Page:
Google’s new policy under “publicly accessible sources” states, “[W]e may collect information that’s publicly available online or from other public sources to help train Google’s AI models and build products and features like Google Translate, Bard, and Cloud AI capabilities. Or, if your business’s information appears on a website, we may index and display it on Google services.”
In the introduction of the case, it bluntly reads, “It has very recently come to light that Google has been secretly stealing everything ever created and shared on the internet by hundreds of millions of Americans. Google has taken all our personal and professional information, our creative and copywritten works, our photographs, and even our emails—virtually the entirety of our digital footprint—and is using it to build commercial Artificial Intelligence (‘AI’) Products like ‘Bard’.”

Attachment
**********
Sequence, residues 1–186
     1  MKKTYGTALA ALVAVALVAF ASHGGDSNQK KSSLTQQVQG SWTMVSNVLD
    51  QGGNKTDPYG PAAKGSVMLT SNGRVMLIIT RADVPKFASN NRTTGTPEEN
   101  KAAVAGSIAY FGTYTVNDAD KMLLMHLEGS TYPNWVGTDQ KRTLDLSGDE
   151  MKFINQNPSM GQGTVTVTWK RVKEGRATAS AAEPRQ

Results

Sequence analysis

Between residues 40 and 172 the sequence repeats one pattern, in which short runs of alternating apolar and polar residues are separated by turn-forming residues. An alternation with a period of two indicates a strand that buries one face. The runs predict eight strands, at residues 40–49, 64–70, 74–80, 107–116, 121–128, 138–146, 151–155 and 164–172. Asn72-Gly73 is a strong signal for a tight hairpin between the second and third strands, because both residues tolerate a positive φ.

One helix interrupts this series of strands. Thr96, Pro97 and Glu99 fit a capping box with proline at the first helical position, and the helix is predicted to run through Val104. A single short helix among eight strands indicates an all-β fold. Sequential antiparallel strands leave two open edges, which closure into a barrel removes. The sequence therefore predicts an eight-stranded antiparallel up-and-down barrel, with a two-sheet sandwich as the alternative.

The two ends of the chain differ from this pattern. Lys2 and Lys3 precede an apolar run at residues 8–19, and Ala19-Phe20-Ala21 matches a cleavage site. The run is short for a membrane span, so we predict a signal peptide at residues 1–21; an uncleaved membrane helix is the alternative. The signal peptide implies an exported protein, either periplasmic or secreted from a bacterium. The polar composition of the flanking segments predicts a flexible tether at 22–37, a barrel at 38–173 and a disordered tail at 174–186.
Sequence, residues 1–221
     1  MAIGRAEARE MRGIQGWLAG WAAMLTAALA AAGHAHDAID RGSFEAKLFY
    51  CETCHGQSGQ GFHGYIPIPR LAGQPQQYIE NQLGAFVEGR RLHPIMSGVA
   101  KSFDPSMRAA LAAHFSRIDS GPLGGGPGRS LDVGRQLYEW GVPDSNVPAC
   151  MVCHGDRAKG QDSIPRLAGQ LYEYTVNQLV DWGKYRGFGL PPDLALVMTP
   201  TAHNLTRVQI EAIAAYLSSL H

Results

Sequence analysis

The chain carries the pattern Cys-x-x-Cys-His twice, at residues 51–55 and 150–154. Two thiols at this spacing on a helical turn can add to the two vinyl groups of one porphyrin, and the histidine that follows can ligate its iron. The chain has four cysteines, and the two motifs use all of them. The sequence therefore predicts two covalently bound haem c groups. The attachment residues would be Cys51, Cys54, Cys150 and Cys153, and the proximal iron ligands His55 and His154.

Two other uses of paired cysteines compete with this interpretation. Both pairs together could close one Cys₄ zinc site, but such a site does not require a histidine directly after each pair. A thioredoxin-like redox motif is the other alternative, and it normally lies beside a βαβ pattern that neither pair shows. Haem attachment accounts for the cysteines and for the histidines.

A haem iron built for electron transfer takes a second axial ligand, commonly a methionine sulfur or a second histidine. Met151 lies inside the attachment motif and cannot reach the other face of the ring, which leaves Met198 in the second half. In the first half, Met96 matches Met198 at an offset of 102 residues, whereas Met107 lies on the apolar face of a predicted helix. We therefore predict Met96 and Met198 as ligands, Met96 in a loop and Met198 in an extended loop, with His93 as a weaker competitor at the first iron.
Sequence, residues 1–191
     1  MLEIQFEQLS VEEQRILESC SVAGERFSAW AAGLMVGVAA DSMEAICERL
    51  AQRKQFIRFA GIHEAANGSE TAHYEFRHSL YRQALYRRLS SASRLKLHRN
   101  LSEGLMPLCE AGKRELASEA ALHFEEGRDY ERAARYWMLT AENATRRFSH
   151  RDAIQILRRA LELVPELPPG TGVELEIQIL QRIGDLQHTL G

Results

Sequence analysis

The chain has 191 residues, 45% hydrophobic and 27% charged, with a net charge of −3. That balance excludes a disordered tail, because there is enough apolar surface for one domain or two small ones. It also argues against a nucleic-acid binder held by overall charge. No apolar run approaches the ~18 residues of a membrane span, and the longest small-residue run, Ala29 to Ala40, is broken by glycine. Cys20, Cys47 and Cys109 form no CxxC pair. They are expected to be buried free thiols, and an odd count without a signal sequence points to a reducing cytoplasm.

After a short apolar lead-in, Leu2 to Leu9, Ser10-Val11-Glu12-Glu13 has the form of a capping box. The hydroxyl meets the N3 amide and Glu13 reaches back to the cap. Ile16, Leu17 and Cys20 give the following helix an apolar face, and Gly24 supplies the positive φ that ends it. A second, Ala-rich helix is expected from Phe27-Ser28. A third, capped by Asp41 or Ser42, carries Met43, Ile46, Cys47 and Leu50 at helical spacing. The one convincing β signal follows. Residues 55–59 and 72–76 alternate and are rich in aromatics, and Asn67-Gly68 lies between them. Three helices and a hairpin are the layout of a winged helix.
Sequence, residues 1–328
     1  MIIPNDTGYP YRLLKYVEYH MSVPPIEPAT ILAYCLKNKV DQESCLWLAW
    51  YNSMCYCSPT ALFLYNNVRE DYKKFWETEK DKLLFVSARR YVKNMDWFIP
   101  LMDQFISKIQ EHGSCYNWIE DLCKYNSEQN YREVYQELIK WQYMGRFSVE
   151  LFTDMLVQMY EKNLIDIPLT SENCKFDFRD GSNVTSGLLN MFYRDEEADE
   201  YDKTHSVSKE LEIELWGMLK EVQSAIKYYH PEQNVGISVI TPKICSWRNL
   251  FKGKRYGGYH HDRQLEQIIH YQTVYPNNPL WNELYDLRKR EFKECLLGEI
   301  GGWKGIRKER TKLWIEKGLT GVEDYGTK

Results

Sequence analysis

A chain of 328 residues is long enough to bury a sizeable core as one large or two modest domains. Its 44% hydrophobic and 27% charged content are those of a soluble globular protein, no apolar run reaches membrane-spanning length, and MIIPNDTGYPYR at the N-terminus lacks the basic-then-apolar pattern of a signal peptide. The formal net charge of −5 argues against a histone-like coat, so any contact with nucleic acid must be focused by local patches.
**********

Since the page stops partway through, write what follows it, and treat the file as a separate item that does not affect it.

The lawsuit also alleges that this update is not actually new: “For years, Google harvested this data in secret, without notice or consent from anyone.” However, Google’s general counsel, Halimah DeLaine Prado, responded in a statement to CNN by saying, “We’ve been clear for years that we use data from public sources — like information published to the open web and public datasets — to train the AI models behind services like Google Translate, responsibly and in line with our AI Principles.”
Google is vague about where it gets its data for Infiniset, but states that 50 percent of it comes from “public forums.” However, the company does not clearly describe what defines a “public forum,” which the lawsuit claims leaves users “in the dark about the exact origins and nature of the data influencing half of the AI’s training.”
Some of the data allegedly accessed is “conversational data between humans,” “[c]reative and expressive works” and, in at least one instance, photographs taken from a private medical file.
Comedian Sarah Silverman is also filing a similar lawsuit based on copyright infringement against OpenAI and Meta, so this topic is an emerging pattern.